INDIE REWIND: The Greatest Supermodels of the 60s
Oct 09, 2011 - by Lester Brathwaite
From Twiggy and her doe eyes to Veruschka and her neverending gams, these girls of the 60s originally defined what it meant to be a "supermodel."
Wilhelmina Cooper (1939-1980) Before starting her own modeling agency in 1967 (yes, that Wilhelmina), the Dutch-born Cooper appeared on some 300 magazine covers, and still holds the record for most covers of American Vogue: 27. Though Gwyneth Paltrow is slowly sneaking up on her.
Veruschka (May 14, 1939) The Countess Vera Gottliebe Anna von Lehndorff was forever immortalized in Michelangelo Antonioni's 1966 classic Blow Up, writhing around on the floor, turning, giving and generally destroying everything in the room. At 6'1 with size 13 feet, some might say she was tranny..."some" like me. Either way, before Linda refused to get out of bed for $10,000, Veruschka was making that in a day. Go. Head. Tranny.
Jean Shrimpton (Nov. 7, 1942) Shrimpton was a sensation almost immediately when she started modeling in 1960 and is perhaps the world's first supermodel, despite Janice Dickinson's drunken claim to the title. One of the most iconic faces and bodies of the 1960s (her slim figure earned her the nickname "The Shrimp") Jean caused a stir in 1965 when she wore a mini-dress on Victoria Derby Day in Melbourne. It was so easy to cause a stir back then; now someone has to smuggle blood diamonds just to get some attention around here.
Naomi Sims (1948-2009) Before there was Naomi, there was Naomi. The first black supermodel, Naomi Sims worked overtime to break into what is still a largely racist industry. With a little help from Wilhelmina Cooper, Sims officially made it when she appeared in an AT&T commercial in 1968 wearing a Bill Blass ensemble. And I bet she never threw her phone at anyone...no, she probably did.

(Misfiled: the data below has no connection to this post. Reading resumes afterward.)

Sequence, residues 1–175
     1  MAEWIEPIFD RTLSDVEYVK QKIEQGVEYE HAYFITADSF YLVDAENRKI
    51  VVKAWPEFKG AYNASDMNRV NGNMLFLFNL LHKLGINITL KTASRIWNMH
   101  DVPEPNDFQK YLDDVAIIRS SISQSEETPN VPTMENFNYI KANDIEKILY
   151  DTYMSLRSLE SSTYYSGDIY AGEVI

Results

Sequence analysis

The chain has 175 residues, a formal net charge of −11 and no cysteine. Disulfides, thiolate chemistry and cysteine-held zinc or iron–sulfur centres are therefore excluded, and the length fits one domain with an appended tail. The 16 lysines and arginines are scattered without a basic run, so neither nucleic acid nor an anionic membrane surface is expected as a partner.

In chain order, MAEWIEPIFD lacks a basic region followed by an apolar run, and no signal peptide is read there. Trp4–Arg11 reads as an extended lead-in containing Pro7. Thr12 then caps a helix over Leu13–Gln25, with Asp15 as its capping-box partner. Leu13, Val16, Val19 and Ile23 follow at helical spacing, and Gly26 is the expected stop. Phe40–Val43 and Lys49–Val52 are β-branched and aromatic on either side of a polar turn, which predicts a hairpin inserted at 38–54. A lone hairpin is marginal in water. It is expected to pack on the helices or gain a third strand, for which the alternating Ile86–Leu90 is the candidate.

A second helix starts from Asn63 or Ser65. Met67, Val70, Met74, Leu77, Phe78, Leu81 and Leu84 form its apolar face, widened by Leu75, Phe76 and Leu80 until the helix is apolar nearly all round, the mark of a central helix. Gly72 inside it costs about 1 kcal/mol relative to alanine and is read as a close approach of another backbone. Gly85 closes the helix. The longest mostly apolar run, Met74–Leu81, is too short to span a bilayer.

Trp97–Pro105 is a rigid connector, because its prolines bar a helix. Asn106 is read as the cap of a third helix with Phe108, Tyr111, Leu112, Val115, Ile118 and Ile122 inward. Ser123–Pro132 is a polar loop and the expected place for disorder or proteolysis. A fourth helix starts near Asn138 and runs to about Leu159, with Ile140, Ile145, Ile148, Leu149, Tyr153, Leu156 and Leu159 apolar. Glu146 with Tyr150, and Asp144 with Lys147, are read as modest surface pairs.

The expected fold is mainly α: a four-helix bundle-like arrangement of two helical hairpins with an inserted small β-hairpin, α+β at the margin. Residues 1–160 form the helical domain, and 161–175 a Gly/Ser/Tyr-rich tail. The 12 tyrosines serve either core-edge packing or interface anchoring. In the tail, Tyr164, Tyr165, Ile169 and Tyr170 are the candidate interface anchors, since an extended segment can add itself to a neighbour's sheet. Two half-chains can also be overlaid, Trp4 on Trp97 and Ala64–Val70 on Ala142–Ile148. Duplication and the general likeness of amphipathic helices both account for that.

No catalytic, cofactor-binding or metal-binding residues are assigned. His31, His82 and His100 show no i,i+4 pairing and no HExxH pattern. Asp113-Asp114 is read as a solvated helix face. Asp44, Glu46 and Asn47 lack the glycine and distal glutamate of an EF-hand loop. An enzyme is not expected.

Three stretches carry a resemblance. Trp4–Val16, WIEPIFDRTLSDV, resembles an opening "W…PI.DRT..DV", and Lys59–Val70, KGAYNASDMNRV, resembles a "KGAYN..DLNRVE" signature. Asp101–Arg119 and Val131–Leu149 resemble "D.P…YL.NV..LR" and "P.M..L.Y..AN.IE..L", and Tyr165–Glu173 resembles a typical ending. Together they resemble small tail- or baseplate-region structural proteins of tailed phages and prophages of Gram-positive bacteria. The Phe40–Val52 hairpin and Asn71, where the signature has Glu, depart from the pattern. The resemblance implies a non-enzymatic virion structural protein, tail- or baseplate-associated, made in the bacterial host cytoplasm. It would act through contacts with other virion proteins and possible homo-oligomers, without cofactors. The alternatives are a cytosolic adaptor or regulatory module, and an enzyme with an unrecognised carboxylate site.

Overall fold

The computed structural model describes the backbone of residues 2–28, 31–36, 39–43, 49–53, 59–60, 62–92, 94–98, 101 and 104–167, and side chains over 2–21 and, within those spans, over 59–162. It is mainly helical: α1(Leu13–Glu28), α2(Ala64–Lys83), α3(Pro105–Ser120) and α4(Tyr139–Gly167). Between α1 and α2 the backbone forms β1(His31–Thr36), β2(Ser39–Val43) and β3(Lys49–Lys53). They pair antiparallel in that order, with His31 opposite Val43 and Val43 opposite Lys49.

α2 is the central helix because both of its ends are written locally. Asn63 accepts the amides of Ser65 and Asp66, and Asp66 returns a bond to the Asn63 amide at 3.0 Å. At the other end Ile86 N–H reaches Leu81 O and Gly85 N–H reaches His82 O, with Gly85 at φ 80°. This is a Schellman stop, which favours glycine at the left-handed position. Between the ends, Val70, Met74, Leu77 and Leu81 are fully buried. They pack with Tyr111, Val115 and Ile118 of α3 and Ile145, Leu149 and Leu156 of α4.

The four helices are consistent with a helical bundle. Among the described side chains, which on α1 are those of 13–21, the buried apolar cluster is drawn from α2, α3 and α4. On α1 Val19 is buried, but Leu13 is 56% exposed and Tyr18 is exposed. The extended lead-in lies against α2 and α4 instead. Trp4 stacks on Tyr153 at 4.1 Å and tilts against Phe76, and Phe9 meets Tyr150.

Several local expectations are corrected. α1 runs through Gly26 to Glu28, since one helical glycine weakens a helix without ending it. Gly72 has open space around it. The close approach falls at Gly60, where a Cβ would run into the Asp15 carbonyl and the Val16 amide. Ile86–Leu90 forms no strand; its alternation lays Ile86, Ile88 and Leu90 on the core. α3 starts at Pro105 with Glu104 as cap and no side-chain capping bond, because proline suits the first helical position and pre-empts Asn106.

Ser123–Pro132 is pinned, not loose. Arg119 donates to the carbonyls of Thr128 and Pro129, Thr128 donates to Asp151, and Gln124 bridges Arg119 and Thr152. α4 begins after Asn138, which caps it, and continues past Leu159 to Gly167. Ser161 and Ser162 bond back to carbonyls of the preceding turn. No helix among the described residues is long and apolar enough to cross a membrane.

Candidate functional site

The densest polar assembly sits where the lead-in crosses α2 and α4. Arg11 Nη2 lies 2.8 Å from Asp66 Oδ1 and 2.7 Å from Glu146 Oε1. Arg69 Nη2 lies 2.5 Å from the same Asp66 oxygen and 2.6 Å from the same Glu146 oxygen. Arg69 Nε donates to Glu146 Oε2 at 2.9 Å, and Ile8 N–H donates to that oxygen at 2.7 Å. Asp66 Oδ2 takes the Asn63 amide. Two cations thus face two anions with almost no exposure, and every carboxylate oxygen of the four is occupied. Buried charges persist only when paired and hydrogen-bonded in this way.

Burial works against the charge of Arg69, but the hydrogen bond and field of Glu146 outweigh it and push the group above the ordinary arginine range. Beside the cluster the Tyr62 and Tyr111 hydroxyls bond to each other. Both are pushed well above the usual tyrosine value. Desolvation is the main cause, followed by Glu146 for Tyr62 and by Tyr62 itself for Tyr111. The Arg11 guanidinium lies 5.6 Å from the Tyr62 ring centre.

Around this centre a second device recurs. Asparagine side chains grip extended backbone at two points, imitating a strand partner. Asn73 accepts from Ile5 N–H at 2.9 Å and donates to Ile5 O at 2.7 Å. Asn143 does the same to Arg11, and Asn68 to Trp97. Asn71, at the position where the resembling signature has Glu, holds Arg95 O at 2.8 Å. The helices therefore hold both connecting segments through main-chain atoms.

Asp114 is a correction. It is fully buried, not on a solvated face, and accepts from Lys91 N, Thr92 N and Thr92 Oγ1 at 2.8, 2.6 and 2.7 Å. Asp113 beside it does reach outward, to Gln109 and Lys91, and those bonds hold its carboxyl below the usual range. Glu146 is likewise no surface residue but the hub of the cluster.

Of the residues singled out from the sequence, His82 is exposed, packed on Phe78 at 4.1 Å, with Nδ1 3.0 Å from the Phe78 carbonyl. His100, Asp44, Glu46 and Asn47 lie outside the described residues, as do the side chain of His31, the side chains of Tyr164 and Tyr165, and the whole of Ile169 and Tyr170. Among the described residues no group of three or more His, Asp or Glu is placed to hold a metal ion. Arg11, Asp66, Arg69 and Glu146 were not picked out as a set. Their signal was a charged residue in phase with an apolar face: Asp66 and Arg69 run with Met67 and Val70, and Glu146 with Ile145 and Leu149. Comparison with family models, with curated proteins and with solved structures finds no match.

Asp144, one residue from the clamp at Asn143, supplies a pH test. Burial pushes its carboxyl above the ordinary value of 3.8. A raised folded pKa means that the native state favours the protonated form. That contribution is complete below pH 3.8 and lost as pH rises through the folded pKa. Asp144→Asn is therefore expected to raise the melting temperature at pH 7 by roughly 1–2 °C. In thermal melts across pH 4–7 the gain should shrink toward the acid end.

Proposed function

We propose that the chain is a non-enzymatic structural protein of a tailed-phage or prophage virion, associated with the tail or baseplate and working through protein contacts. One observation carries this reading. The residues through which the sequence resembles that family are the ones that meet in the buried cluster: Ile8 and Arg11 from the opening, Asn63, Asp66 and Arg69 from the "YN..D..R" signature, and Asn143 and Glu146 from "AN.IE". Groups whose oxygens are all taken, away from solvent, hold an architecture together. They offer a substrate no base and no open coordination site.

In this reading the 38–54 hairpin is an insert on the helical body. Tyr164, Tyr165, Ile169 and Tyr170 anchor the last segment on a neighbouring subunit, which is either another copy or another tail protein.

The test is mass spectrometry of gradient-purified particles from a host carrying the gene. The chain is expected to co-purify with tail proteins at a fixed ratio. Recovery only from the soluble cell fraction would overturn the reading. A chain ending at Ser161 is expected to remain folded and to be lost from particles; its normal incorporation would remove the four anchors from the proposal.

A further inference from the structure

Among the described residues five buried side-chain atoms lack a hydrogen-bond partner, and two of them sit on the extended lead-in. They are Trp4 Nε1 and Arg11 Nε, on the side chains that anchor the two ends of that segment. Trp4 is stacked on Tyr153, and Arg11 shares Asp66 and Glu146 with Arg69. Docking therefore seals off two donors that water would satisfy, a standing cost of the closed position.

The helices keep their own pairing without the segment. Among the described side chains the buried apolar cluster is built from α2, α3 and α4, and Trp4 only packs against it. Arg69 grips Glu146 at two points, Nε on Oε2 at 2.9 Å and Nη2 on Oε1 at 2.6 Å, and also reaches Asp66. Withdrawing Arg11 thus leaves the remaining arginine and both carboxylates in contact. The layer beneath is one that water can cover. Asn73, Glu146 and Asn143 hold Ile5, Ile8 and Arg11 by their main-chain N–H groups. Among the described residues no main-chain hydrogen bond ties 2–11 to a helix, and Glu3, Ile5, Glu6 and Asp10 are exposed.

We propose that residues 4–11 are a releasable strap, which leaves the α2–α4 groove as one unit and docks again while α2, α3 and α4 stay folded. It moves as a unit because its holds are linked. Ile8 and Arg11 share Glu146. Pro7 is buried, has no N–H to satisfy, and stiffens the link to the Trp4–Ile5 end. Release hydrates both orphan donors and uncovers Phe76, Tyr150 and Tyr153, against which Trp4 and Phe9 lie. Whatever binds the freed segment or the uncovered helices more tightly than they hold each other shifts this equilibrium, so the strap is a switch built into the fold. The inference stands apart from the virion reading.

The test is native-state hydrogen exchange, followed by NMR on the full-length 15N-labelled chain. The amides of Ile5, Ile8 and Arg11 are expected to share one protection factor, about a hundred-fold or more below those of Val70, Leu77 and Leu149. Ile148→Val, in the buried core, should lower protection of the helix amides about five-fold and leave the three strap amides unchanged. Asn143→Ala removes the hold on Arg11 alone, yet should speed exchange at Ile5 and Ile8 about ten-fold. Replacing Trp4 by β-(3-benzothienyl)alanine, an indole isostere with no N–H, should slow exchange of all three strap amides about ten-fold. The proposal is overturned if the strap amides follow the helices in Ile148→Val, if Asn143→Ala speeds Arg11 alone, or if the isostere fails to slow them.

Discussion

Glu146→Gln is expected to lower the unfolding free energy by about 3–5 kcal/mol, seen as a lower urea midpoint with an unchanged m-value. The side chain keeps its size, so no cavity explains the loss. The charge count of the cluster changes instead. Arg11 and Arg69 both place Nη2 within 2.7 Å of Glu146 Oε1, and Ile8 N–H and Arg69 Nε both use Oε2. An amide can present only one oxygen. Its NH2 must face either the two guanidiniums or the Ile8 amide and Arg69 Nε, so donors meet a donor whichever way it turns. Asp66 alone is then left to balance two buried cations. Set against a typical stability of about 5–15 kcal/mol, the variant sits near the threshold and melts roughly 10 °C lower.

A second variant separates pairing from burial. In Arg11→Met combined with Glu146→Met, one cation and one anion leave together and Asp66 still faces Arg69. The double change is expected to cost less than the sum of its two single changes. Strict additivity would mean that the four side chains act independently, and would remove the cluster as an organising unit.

Twiggy (Sept. 19, 1949) A boyishly short haircut in 1966 shot Leslie Hornby to superstardom as the international supermodel, Twiggy. At 5'6 and only 91 lbs at her discovery, she ushered in a new concept of female beauty and a whole rash of eating disorders. A tradition she continued as a judge on America's Next Top Model.
Peggy Moffitt (1939) My personal favorite 60s model, Peggy Moffitt was the original edgy girl. With her dark bangs and dark, Kohl-line eyes, she had one of the most distinctive looks of the decade. As a model, muse and eventual collaborator of Rudi Gernreich, she was immortalized when photographed in his topless bathing suit, the monokini, in 1964. How's that for a stir, Shrimpton!
Donyale Luna (1945-1979) Peggy Ann Freeman escaped the slums of Detroit for the glitz and glamour of New York City. Here, as Donyale Luna, she was exotic and intriguing whereas in Detroit she "wasn't considered beautiful or anything." At 6'2, with her already striking features and ultramarine contacts, she was in high demand, scoring the cover of British Vogue in 1966. Donyale lived like, partied like and dated rock stars and died like one when she OD'd in 1979. Then 6 years later she was reincarnated as a sassy fashion blogger (Ahem!)
Penelope Tree (1950) The ultimate 60s "It" girl, Tree was the daughter of socialite Marietta Tree and British member of Parliament, Ronald Tree. When Diane Arbus took some photos of Penelope, her parents threatened to sue the photographer if the photos were ever published. Nonetheless, The Tree became rival to the Twig and inspired John Lennon, when asked to describe her in three words, to respond: "Hot hot hot! Smart smart smart!" Meanwhile, that's either 2 or 6 words. Pull it together, Lennon.
Marisa Berenson (Feb. 15, 1947) The granddaughter of one of the pillars of Italian couture, Elsa Schiaparelli, Marisa was invented by legendaryVogue editor Diana Vreeland at the age of sixteen, and became one of the most prolific models of the 60s and 70s. She graced every cover from Vogue and Harpers Bazaar to Newsweek and Time and worked with the greatest photographers of the 20th century including Irving Penn, Richard Avedon and Helmut Newton.